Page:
Updated: May 19, 2021
Starting in elementary school, I have always been drawn to science. I would spend my days staring at the sky, watching planes fly above, and spend hours wondering how a ton of metal could glide like a bird. As space exploration captured the imagination of the world, I would stare at the moon, dreaming of exploring the greatest unknown. However, as a girl, specifically a girl of color, those dreams felt like, well, fantasies. In school, while my teachers encouraged boys to join robotics, I was pushed into Home-Economics. Even when, in university, I declared my computer science major, I found myself constantly surrounded by men, and I would often be the only person of color in the room. The experience, to be honest, was incredibly isolating. I struggled to find female BIPOC mentors who could relate to the experience of feeling different than everyone around you. I struggled to deal with constant imposter syndrome - was I even qualified to be there? When I became a mother to two beautiful, talented daughters, I knew I never wanted them to feel like I did, no matter their goals or field of study.
Unfortunately, even today, very few women, especially women of color, hold jobs in technology. Levels of participation for Black, Latina, and Asian women are less than 10%, and the number of women in these roles has actually been decreasing since the 1990s. The 2016 Bureau of Labor gives these statistics despite the fact that the number of jobs in technology is exponentially growing in our modern world. Women of color are missing out on these employment opportunities.
Retention for these women is concerning, as well. A large scale study found that 50% of women left their jobs in STEM-related fields, in comparison to 20% in non-STEM-related fields. A Center for Talent Innovation study found that about half use their technical training in other sectors and half-abandoned their training altogether. Other studies find that far more than 50% are leaving these fields. This begs the question: why are they leaving? The National Center for Women and Information Technology states, “a lack of access to key creative roles, and a sense of feeling stalled in one’s career are some of the most significant factors contributing to female attrition from the tech field.” Essentially, everything I myself experienced in college and in the workforce.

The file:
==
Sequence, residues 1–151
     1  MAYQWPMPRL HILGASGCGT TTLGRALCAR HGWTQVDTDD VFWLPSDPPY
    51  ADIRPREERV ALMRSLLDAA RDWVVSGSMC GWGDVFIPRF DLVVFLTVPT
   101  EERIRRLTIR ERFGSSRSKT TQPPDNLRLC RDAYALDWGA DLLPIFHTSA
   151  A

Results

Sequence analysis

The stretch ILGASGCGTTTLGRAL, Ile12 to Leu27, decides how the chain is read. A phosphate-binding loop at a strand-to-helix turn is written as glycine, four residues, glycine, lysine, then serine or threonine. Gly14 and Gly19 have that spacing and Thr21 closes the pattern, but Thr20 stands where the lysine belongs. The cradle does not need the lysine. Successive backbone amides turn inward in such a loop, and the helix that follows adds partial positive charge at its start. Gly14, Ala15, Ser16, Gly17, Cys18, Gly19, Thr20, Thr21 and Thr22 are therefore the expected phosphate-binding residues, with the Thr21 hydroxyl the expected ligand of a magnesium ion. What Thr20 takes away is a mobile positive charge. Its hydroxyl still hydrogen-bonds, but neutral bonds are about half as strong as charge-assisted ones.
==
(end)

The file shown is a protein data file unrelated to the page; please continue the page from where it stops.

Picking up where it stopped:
Representation seems to be a major factor not only in retention but also in recruitment. Without the representation of women of color in these roles, retention, interest, and confidence in the field is bound to be abysmal.
So the question remains - how do we fix this?
Advocacy groups such as Black Women Talk Tech support and prepare women of color for the tech workforce. Women of color are creating support systems of their own in order to get more people that looked like them in their field and advocate for the ones that are already there. Without role models that look like you, it can be difficult to see yourself growing. And without precedent, it can prove difficult to break into those roles.
At the end of the day, diversity is pivotal in tech. Without these voices, a plethora of talent and ideas are being lost. Morgan Stanley’s Multicultural Innovation Lab found that the lack of investment in marginalized and underrepresented groups is a trillion-dollar loss for the tech industry. Equal access and participation in the tech industry would and could have extremely fruitful results. Essentially, diversity is not simply a social justice issue - it is an economic problem as a lack of diversity results in a deadweight loss in the tech industry.
That’s why as CEO of UpBrainery and a female BIPOC, pledge to make our workforce an inclusive place for everyone who has ever felt like they do not belong.